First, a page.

+Profile Mumbles+

    Super-flat spacemen eating cell phones. Grinning bright-colored robots spinning and beeping. Blue buggy aliens holding ghetto blasters up to where their ears might be located, if they were human. Rotating rainbow-colored, psychedelic, geometric horizons inciting dizziness. Flashing 3-D patterns materializing over a laser-shooting teddy bear. A teddy bear with a plastic smile and big, big eyes. Looking into the thick black frames of their creator, these are not the first images that come to mind. They sound like visions of a mind rewired by hallucinatory narcotics. But the man behind this art has only dropped acid once. This surreal world is merely the product of a vivid imagination. Mumbleboy's imagination. He creates Flash animation movies. He smiles a lot, and nods in agreement when asked questions. The loud colors and lively characters in the world of Mumbleboy's computer-produced movies stand in contrast to the quiet personality he presents in person.

    Rolling Stone labeled his work 'techno animation,' putting it in the vernacular of the magazine's main audience. The two words conjure up images that are bright, fast, fun and futuristically hip. The readers get the basic idea of Mumbleboy's style, but are misled into thinking that his animation actually fits in a pre-existing genre. Mumbleboy has a very distinguishable style, one that is not too complex in individual detail of the creatures and people, but utilizes Flash's 'layer' feature, to produce captivating scenes in dream-like worlds. But unlike the dreams that left him screaming in a cold sweat when he was little, his animations remain in a bizarre, but 'cute' dream world.

    Multiple reviewers of his movies describe the Mumble experience as nearly interactive. Little Projecta (www.littleprojecta.com) says that a movie called 'Kompendium' is a "noisy, bright, and psychedelic ride. It will do your head in." A description under a link to Mumbleboy's site, on an independent band's site (www.twangbang.com) said, "He makes the wackiest Flash movies. They take you for a wild ride." Some fans out there have gone so far as to create a Mumbleshrine, such as Electro Sun Dog. On her website (lookagain.funmark.com/mumbleshrine) she rates Mumbleboy's movies with symbols of pizza slices, with 5 being the most pizza slices a movie can be awarded. She's even created a whole story behind the Mumble characters, which reappear in these movies, and drawn her own renditions of these creatures. There is a collection of critiques at FilmsOn (www.filmson.com). Mumbleboy said it's weird for him to be reviewed at this site, "bunched up with all these other web animations and be criticized as if I was trying to make something popular."

    He's been doing Flash animation for about 3 years, but has had a site for 5 years (www.mumbleboy.com). From this site he also sells Mumbledolls and Mumbleboy T-shirts, and posts his still illustrations. The Mumbledolls look like cuddly little aliens. They are bright, small and all have some colorful symbol on their tummies. Mumbleboy told me that the whole doll thing started while he was attending Rhode Island School of Design as a painting major. He was walking by a fabric store when he spotted a piece of fake fur and bought it. He played around with it in his studio, and ended up turning it unto a furry octopus. That was the first doll, but he doesn't remember how he got to making them look like the trademark Mumbledolls that he sells now. He also set up a an adoption agency for them. People who buy the dolls can participate by naming their doll, listing its favorite activities and foods, and talking pictures of the doll in its new habitat. One can see the profiles of all the dolls that have been adopted on Mumbleboy's site.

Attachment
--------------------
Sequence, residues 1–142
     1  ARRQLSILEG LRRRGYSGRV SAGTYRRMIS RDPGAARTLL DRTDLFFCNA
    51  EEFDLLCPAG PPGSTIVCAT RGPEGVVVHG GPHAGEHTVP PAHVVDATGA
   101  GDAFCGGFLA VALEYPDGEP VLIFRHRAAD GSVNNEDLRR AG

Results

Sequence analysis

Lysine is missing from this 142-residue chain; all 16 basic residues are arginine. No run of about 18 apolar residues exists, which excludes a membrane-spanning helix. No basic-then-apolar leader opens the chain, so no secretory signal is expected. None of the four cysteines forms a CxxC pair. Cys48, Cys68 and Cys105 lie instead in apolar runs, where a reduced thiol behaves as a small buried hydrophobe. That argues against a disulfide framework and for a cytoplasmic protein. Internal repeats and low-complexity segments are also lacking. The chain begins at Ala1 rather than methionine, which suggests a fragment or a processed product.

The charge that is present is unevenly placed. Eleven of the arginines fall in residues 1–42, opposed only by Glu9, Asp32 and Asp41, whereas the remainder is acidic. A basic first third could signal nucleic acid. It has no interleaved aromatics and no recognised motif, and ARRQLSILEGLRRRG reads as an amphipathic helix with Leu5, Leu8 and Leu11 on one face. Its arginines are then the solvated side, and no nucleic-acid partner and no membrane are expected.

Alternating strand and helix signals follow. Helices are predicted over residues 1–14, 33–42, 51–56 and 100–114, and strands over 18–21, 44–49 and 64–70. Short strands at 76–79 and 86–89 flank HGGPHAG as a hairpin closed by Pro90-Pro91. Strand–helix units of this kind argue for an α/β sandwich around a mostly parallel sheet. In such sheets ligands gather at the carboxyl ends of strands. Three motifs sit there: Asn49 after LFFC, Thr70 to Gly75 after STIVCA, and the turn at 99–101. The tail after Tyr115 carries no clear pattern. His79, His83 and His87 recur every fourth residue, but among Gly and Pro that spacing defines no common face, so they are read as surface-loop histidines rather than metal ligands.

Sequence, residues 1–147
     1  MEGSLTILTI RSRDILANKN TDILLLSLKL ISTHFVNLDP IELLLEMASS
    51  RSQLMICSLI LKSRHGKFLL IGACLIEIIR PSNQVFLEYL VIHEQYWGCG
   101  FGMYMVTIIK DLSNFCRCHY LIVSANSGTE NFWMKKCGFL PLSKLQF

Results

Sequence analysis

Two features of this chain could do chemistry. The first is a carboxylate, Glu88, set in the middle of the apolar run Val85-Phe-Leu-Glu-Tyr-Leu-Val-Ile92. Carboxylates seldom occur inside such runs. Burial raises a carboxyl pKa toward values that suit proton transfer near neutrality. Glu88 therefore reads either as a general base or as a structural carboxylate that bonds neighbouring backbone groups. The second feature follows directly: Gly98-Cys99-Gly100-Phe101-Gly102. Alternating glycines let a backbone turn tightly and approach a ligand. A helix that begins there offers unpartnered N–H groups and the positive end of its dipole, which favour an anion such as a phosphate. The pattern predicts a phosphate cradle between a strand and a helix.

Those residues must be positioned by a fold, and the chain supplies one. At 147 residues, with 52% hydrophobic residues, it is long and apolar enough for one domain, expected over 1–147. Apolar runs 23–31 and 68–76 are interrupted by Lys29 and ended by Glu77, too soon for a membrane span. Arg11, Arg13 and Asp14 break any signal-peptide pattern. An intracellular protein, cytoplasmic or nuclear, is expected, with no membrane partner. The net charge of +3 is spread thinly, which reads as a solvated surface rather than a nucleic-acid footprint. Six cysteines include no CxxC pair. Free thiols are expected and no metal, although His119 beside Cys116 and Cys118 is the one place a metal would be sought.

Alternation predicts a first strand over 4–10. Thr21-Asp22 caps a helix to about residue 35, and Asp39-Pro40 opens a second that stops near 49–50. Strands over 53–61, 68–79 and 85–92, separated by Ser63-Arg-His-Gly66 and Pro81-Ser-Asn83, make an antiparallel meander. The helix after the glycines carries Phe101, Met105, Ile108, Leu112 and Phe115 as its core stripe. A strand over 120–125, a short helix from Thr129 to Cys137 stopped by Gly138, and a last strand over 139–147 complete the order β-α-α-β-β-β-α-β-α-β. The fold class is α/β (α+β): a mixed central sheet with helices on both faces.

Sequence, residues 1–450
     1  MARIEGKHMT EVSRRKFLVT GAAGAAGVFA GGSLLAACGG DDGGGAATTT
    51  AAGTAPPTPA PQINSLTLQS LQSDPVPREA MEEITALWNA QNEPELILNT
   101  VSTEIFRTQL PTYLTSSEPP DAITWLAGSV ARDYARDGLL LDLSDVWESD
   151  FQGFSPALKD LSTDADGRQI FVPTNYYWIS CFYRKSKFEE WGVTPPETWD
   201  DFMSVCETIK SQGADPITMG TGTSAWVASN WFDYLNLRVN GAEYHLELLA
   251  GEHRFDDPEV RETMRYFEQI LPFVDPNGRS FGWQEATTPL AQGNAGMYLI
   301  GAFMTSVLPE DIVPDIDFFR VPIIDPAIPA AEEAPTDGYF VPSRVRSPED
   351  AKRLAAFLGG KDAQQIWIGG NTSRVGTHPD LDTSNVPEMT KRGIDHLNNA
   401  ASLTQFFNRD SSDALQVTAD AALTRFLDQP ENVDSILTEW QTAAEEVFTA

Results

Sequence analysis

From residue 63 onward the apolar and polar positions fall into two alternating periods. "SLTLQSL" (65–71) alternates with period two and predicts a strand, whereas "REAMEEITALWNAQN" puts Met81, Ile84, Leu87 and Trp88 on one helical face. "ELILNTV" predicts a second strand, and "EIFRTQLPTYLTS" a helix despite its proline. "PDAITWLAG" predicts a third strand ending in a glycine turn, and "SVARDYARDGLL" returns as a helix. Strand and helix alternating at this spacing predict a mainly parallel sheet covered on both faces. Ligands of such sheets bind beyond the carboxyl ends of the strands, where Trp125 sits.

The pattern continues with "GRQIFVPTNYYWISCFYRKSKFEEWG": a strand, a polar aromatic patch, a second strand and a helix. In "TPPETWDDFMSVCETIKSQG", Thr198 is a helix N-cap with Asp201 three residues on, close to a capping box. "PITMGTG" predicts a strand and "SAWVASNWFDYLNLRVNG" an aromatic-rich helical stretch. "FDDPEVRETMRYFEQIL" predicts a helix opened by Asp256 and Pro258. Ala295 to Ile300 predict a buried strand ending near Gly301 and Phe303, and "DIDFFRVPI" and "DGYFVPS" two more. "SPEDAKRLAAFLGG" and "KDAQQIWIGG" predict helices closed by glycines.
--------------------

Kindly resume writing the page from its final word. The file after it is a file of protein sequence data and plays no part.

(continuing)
His website isn't the only place where his dolls can be bought either. Trendy boutiques like Airmarket in New York and Plastica in Los Angeles also sell Mumbledolls. But he likes being able to interact with other people through his website and art. The adoption agency is one example of this, but his Il Faut Que On (I.F.Q.O.) Mumble is another. His I.F.Q.O.'s are illustration collages he makes for anyone who sends in their picture to him. He draws a Mumble-scene around their portrait and posts it on his site, making them famous and a part of his Mumbleness all at once. They became so popular, that he had to stop doing them for a while because he didn't have time to fill all the requests.

    But enough Mumbling. This Flash genius was born as Kinya Hanada, in Yokohama, Japan. He lived on a small hill with his brother, mother and father. His father worked for Canon and earned a salary. His mother was a housewife, but very involved in the community. She taught the neighborhood children English, translated, and did a lot of volunteer work. At the age of 13, Kinya and his family moved to the bland, suburban town of Irvine in Southern California. He preferred Yokohama to Irvine, but had fun going to Costa Mesa and Newport Beach, where he and the local kids would get into trouble with the rent-a-cops.

    The worst trouble he ever got into as a teen was getting busted with a friend for attempting to steal the hubcap from a Mercedes-Benz to put on his friend's Vespa scooter. Apparently, that was "the thing to do with the Vespas back then." He doesn't remember receiving any specific punishment, but it was one of the only times he saw his dad cry because "he was so disappointed and angry."

As for art playing a role in his household while growing up, his parents were more into art than "your average Japanese parents." They tried to make him play the violin and do oil paintings, but he never got into it. However, Kinya thinks that this exposure made him "more open to art" and he knew what he liked once he started seeing more modern artwork.

   He says he didn't experience too much prejudice growing up, but did feel like a bit of an outsider sometimes on account of his ethnicity. Kinya is still not an American citizen, although he admits to "half-heartedly" thinking about becoming one. He says he's lived long enough in the U.S. for Japanese people to seem more and more foreign to him. He has his reasons, though. "I'm lazy and don't like bureaucracy," he explains. "I have this na├»ve idea that one of these days, nationality will be a thing of the past and everyone can live and travel freely anywhere. Probably won't happen in my lifetime, but a nice thought at least."

   Kinya was never a great student and found that the only class he really ever had interest in was art. He was happy to get out of his house by the time he graduated high school. He went to U.C.Davis, and then to RISD for 2 years. He had planned to be a design major at Davis, but hadn't been a good enough student to get into the classes that he had wanted. But it was at this school that Kinya became Mumbleboy. He had a radio show on the college station, and his friends told him they couldn't understand him, because he mumbled too much. He never actually used it as his DJ name but it reappeared later as his online alias and in his art.